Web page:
Edward Y. Townsend was born in West Chester, Pennsylvania, October 4, 1824, a son of John W. and Sybilla K. (Price) Townsend, the latter named having been a daughter of Philip Price. His early education was acquired in Anthony Bolmar's school at West Chester, which he left when eighteen years old to enter the wholesale dry goods house of Wood, Abbott & Co., of Philadelphia. This firm was composed of Richard D. Wood, James Abbott, Josiah Bacon, John Yarrow and others, and transacted a large and profitable business with the south and west. During his apprenticeship he made many business trips on horseback through the then unsettled wilderness of the frontiers, extending as far as Santa Fe, New Mexico. These journeys were made alone, and some of them consumed weeks and months. Wood Abbott & Co. having subsequently dissolved, about the time Mr. Townsend became of age, he was taken into partnership in the new firm of Wood, Bacon & Co., where he continued until the acquisition of a large interest in the Cambria Iron Company by Richard D. Wood and his brother, Charles S. Wood, when in the firm of Wood, Morrell & Co. was organized and he became an active partner in it. The Cambria Iron Works were situated at Johnstown, Pennsylvania, and this concern was organized to lease the works and carry on the business of making iron rails, and to purchase the stock with the idea of ultimately reorganizing the company. Of the six partners that composed the firm, three took the active management of the business, namely: Charles S. Wood, Edward Y. Townsend, and Daniel J. Mortell. In 1857 the rolling mill was destroyed by fire, but the firm immediately rebuilt it and continued the business until 1861, when, one of the purposes of the partnership being carried out by the purchase or control of all the stock of the old Cambria Iron Company, that corporation was reorganized, Charles S. Wood becoming president, Edward Y. Townsend vice-president, and Daniel J. Morrell general manager. The company was one of the earliest to become interested in the Bessemer patent for making steel, and gradually increased the capacity of the works until it became one of the largest producers of steel rails in this country. Upon the death of Charles S. Wood, in May 1873, Mr. Townsend was elected to the presidency of the company, which he held up to the time of his decease. In this wide field of usefulness his remarkable business qualities had ample scope, and they were eminently successful. With the assistance of an able board of directors, and by careful, conservative management, he was enabled to reduce the floating debt and to place the establishment on a sound financial basis, and in this way it was able to withstand and recover from the destructive flood of 1889 without embarrassment. That great disaster was an especial shock to Mr. Townsend's kindly and sympathetic nature, and one from which he never fully recovered, as so many of his workmen and their families were swept away. When the news of the disaster reached him he hurried from his home, accompanied by a personal friend, Mr. J. Lowber Welsh, to the residence of Mayor Fitler, where he met in consultation several members of the Citizens Permanent Relief Committee of Philadelphia. Day after day his entire time and attention were absorbed by the company affairs, and his energy in getting the works started again helped to restore confidence in the future, which was almost as much needed as food, clothing or shelter. He donated generously to various worthy charities, and was ever ready and willing to counsel and help those who came to him for advice and assistance, and this his death was sincerely mourned by all classes of men.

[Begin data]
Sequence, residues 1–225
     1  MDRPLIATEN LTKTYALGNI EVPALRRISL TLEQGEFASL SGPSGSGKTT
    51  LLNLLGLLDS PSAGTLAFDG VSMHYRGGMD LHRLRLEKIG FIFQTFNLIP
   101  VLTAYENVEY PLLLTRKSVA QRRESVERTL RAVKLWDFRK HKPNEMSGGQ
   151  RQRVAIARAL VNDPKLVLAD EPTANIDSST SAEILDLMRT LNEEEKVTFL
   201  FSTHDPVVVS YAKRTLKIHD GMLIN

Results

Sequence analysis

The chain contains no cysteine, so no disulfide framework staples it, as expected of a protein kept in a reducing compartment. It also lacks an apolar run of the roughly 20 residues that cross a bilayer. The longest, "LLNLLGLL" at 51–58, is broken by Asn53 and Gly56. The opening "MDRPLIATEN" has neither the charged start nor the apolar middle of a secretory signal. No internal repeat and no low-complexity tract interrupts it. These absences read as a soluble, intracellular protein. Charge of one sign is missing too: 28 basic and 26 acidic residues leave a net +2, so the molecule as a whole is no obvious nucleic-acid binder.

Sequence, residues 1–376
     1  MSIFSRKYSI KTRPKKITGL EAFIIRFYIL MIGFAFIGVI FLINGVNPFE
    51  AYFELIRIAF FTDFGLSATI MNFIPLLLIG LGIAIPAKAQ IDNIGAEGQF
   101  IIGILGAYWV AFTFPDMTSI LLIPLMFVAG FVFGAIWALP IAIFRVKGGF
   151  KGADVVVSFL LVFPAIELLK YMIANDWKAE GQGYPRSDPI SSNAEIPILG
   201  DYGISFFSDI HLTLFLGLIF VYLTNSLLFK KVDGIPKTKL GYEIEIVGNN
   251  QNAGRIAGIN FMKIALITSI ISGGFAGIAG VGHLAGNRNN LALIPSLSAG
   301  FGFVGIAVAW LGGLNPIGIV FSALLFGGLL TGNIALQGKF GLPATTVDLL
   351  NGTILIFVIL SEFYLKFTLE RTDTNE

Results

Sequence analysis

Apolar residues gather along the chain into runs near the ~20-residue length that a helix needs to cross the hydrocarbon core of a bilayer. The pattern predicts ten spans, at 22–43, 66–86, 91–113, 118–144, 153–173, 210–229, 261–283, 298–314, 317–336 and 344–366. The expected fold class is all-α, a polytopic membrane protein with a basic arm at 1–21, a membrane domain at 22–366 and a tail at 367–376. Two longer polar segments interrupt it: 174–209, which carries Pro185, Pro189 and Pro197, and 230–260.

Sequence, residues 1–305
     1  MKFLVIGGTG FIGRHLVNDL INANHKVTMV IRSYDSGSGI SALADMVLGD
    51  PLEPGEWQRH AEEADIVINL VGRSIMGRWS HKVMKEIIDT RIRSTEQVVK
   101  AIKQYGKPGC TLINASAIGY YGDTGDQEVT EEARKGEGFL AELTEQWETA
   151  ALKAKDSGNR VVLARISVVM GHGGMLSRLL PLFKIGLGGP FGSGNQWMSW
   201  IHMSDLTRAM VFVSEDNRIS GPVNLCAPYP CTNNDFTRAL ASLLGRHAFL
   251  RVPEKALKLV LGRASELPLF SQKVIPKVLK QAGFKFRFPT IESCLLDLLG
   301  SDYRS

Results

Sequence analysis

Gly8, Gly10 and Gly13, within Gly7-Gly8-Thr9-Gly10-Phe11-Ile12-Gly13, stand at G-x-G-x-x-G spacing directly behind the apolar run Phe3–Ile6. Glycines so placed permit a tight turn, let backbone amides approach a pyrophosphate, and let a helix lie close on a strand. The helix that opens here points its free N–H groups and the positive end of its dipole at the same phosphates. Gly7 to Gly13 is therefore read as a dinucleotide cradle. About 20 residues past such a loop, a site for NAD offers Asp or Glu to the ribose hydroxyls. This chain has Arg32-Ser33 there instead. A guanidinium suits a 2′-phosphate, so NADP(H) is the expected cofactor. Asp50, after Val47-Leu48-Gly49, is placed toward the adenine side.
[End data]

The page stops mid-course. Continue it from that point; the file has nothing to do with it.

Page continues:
Mr. Townsend first became a resident of Montgomery county in 1868 when, with his wife and two sons, he came to spend the summer at Haverford. Five summers were thus spent by the family until Bryn Mawr was formed, when they passed two summers at the hotel erected there by the Pennsylvania Railroad Company. In 1874 Mr. Townsend purchased a few acres on Merion Avenue, where he enjoyed his summers, and three years later he purchased the adjoining property owned by the Tilghmans and extending along Montgomery Avenue, making about thirteen acres in all, in the middle of the new settlement of Bryn Mawr, on the north side of the railroad.